Blues Need Doug Armstrong to Stay

The St. Louis Blues have had Doug Armstrong as their general manager (GM) since the 2010-11 season. He was named the president of hockey operations before the 2013-14 season. It’s safe to say that he’s been one of the best executives in the NHL over the past decade-plus.

There have been rumors linking Armstrong to the Toronto Maple Leafs GM vacancy. While I don’t believe he will depart St. Louis for Toronto, there are a few reasons why it could make sense for him. He’s a native of Ontario and was born a little over three hours away from Toronto. The idea of managing a franchise as relevant and popular as the Maple Leafs could intrigue him. The bottom line is that the Blues need Armstrong to stick around in St. Louis.

Blues Have Excelled Under Armstrong

The Blues have been led by Armstrong for 13 seasons. Throughout his tenure, they’ve made the playoffs 10 times. The only seasons where they missed the playoffs were 2010-11, 2017-18, and 2022-23. They’ve made it out of the first round five times and won the Stanley Cup in 2019. Armstrong has brought consistency and stability to hockey in St. Louis. He’s one of the best in the business.

St. Louis Blues Doug Armstrong
St. Louis Blues general manager Doug Armstrong. (THE CANADIAN PRESS/Jeff Roberson)

Armstrong is the second longest-tenured GM in the league. He will soon be the longest-tenured once Nashville Predators GM David Poile officially steps away on July 1. It says a lot about the terrific job that he has done. There are 18 current NHL GMs that have only been tenured since 2019. The league is so much different now than it was when he stepped in as the GM in 2010. The Blues need to hold onto the stability that they have with Armstrong.

Armstrong has also had a ton of success in the regular season. Since 2010-11, the Blues have had the fifth most regular season wins in the NHL with 558. The only teams ahead of them are the Boston Bruins, Pittsburgh Penguins, Tampa Bay Lightning, and Washington Capitals. All of those teams are in the Eastern Conference and are perennial contenders. The Blues have 30 more wins than the second-best Western Conference team, the Predators. Stability in the NHL matters now more than ever. There are several examples to back this up.

Armstrong Has Assets to Work With This Summer

The Blues’ salary cap issues are a mess made by Armstrong. However, he dominated the NHL trade deadline, adding two first-round picks in the loaded 2023 NHL Entry Draft. He might be the best trader in the league since 2018. He traded for Brayden Schenn, Ryan O’Reilly, and Pavel Buchnevich while not blowing up the team’s prospect pool or draft capital. Of course, Tage Thompson was traded to the Buffalo Sabres for O’Reilly and he’s a superstar, but the Blues got a Cup out of it.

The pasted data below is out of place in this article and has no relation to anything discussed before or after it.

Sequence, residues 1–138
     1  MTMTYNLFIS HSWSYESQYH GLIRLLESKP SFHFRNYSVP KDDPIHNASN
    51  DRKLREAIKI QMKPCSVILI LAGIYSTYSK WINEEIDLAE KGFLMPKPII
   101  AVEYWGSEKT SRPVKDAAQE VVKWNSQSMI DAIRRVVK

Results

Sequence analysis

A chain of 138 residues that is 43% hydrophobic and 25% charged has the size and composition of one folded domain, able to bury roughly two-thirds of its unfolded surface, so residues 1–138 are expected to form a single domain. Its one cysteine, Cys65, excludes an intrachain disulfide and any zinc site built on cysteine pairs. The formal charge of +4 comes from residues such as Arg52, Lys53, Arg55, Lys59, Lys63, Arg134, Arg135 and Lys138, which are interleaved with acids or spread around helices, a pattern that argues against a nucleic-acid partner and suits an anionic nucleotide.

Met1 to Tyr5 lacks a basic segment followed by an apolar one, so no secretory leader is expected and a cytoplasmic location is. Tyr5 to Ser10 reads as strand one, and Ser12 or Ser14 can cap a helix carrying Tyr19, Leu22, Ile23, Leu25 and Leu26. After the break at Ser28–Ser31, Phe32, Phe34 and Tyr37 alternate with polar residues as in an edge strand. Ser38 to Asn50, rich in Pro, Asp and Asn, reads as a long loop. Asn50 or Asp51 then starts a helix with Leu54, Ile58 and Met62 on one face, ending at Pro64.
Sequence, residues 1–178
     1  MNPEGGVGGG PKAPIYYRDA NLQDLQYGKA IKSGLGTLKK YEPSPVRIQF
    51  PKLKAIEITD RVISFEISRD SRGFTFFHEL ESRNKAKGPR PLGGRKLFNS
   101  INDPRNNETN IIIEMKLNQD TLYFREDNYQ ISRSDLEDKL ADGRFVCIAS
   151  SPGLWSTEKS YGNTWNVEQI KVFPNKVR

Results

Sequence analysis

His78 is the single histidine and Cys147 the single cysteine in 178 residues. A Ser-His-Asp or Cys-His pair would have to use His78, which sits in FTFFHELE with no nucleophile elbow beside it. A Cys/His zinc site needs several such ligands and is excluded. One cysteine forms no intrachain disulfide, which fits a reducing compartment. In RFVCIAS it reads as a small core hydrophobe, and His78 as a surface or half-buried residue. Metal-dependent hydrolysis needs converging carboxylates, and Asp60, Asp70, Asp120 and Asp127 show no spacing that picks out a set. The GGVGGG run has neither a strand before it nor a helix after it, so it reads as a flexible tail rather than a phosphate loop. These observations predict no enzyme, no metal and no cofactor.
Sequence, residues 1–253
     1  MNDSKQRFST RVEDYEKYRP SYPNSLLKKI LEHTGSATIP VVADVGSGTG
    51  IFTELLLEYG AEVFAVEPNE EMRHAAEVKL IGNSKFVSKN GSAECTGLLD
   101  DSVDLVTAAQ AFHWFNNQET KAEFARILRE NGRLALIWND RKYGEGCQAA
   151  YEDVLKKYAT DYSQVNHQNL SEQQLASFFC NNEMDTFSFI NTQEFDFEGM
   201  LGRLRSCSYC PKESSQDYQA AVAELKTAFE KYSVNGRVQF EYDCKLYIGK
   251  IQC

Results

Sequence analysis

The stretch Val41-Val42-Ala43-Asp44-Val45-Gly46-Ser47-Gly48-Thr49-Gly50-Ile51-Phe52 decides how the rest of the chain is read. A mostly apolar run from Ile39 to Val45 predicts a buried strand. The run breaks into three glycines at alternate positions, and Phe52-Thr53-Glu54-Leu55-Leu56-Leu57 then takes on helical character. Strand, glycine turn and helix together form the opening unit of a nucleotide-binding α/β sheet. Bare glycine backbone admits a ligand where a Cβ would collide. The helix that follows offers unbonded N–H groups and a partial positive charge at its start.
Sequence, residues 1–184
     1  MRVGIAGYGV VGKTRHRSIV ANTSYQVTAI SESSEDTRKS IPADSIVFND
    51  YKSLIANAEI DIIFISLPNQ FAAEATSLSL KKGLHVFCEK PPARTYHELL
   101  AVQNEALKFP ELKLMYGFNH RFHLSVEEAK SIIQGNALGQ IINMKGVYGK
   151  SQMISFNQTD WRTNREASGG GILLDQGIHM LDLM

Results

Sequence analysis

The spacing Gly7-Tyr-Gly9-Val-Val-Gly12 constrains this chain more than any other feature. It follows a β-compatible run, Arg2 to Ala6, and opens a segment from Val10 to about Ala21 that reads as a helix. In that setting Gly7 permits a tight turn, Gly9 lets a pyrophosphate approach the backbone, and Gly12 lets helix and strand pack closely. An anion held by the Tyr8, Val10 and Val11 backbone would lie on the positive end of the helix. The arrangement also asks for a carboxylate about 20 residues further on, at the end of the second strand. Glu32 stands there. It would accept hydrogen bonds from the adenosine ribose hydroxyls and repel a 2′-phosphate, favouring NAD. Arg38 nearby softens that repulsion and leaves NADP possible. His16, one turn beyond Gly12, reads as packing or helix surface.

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If there is any GM that should be trusted with trade or draft assets this summer, it should be Armstrong. He can either make five picks in the first three rounds of the 2023 Draft or weaponize them in big trades. His track record in the draft has been solid. He’s excelled in both the first two rounds and the middle rounds throughout his career. The 2010 Draft was his first as the GM. He drafted Vladimir Tarasenko and Jaden Schwartz. The 2014 Draft, where he made 10 picks, was a big success. He selected Robby Fabbri, Ivan Barbashev, Ville Husso, Jake Walman, and Sammy Blais. The 2023 Draft will shape the future of this franchise. Whether they make picks or trades, it will help the Blues find a direction.

Maple Leafs’ Power Structure is Questionable

I don’t think the Blues should block Armstrong from going to Toronto if he wants to. However, it feels hard to believe he would make this move. He has two years left on his contract with no opt-out clause. It doesn’t feel like a situation where he would walk away. When I say the Maple Leafs’ power structure is questionable, I mean it’s questionable for a guy like Armstrong.

Brendan Shanahan
Toronto Maple Leafs president, Brendan Shanahan (THE CANADIAN PRESS/Christopher Katsarov)

As of right now, Armstrong only answers to Blues’ owner Tom Stillman. He has full control over the team’s hockey operations. In Toronto, the president of hockey operations is former Blue Brendan Shanahan. The Blues famously traded Shanahan to the Hartford Whalers for Chris Pronger in 1995. The way that Shanhan went about parting ways with Kyle Dubas was bizarre. It seemed as though he wanted to go in a different direction, but didn’t make the decision until he heard Dubas’ comments in a press conference. It seemed like the team was going to work out an extension with Dubas, but things fell apart and the Maple Leafs search for a new GM is underway. However, they reek of a team with no plan right now.

While I’m sure it would be cool for Armstrong to go home and manage the league’s most popular brand, it doesn’t make a lot of sense from a hockey perspective. I don’t see him wanting to have to answer to Shanahan. He has earned the right to have full control of hockey operations with any club. Either way, the Blues need Armstrong to stick around and fix this team. The mistakes are his and his alone, but he’s proven the ability to reload or retool the roster. It’s going to be difficult, but I still trust him.

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